SEVERNE CONVERT 6.7M 2017 TEST REVIEW
The Convert is Severne’s freeride sail targeted at the progressing rider, designed with the overriding focus of its brief to make the sail as “easy to use” as possible. It has a reduced skin tension and luff curve, making it both easier to rig and softer in feel. Its physical weight has been kept to a minimum, as has its boom length (by dropping the clew-eyelet’s position), for improved handling and control. Possessing x-ply throughout its panels, the Convert also features the use of Dacron in its “Flex Zones” intended to provide a smoother power delivery during gusts, and impact absorption whilst sailing in heavy seas. A clean and minimal appearance, the Convert benefits from the brand’s advances in technology, with features such as ‘seamless head and foot construction’, improving the sail’s structural strength and longevity.
“The Convert is packed with features including dropped clew for shorter, more manageable boom lengths. The shaping and geometry are set up for a balanced, stable feel and a forward pulling drive for a relaxed, easy stance.”
Tested here on a Severne 430cm RDM mast, the Convert is incredibly easy to rig, requiring very little downhaul tension to set correctly. With both lower battens retaining rotation around the mast, the leech falls away easily, the sail remaining relatively flat in profile at rest. On the water this translates to a very light and forgiving sail in the hands. It is certainly the tallest sail in the group here, the Dacron luff panel stretching and enabling it to adopt a much deeper draft as the pressure builds. It has a distinctly progressive style, powering smoothly and providing an abundance of time to allow the rider to position themselves correctly and channel the power into the board. The Convert feels large yet useful in the hands, its handling light and power forgiving. There’s a sort of springy flexing nature to the foil, which can be used to great effect in marginal winds, capable of pumping and cajoling the more stubborn board to release from the water. The centre of effort is placed well forward in the draft, and whilst the power delivery encourages a more relaxed riding style, the low clew eyelet naturally puts the rider in a more committed position. It is a great tutor in this respect, providing the fluid power to make the most of marginal winds and teaching good habits by naturally supporting a more refined stance. The Convert was also a pleasure to use in transition, the draft returning to its flat neutral state as the sail is rotated and repositioned, before powering up smoothly once again on the new tack. As the wind increased we tried to re-tune the Convert with more tension to help lock its stability in place, but feel it did little to improve its range, reducing its bottom end drive significantly. Instead, for more powered to overpowered performance, we recommend you look to the Convert’s excellent stable mate – the Gator (5.7m tested last month).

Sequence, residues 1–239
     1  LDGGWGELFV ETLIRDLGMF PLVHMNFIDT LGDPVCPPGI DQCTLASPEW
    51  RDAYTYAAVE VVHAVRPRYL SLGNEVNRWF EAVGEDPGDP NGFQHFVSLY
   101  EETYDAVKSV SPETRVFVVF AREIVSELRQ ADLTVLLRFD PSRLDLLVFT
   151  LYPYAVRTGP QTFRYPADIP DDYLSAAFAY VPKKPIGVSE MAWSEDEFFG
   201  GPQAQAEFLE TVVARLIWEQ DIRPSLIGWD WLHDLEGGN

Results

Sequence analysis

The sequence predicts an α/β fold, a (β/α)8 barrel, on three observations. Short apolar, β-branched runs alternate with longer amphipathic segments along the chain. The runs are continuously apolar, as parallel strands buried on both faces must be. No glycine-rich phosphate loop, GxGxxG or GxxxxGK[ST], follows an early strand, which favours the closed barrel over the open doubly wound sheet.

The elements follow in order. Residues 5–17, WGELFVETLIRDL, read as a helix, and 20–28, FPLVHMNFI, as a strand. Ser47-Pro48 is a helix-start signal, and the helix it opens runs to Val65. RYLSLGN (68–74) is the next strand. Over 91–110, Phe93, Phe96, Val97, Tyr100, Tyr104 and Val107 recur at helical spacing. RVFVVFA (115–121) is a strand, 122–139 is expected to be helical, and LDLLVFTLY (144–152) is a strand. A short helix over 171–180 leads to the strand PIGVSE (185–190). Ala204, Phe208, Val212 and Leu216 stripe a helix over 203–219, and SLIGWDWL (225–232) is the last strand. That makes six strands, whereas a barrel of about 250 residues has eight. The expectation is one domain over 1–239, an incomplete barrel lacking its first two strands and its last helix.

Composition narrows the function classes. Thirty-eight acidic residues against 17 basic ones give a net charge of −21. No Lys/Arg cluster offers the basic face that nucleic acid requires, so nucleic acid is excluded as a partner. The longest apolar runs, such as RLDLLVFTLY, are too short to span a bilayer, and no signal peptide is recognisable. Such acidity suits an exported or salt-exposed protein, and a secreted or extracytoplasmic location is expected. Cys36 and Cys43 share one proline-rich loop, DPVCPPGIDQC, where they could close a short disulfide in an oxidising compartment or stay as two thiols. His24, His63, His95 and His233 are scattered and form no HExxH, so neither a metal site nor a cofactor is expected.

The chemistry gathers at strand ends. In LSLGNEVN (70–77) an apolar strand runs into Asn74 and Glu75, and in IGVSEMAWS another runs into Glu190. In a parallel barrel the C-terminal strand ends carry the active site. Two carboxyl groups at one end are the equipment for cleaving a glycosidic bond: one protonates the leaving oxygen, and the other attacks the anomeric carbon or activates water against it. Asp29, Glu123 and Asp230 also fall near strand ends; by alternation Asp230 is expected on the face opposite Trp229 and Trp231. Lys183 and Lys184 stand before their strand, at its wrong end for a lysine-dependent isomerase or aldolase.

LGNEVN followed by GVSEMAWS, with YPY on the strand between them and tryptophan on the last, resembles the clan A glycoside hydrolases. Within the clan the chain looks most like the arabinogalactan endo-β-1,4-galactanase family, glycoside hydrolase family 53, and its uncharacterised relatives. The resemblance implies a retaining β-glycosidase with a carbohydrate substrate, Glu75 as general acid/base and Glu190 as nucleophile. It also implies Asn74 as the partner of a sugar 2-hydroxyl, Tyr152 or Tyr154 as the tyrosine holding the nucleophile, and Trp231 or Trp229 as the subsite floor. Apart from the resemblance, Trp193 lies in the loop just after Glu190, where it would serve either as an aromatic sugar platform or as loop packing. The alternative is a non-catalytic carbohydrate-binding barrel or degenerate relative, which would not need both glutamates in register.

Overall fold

The Convert is a superb power source for the improving rider, looking for a sail that has the manners and easy accessible nature to progress seamlessly into planing conditions.
Other sails in this test: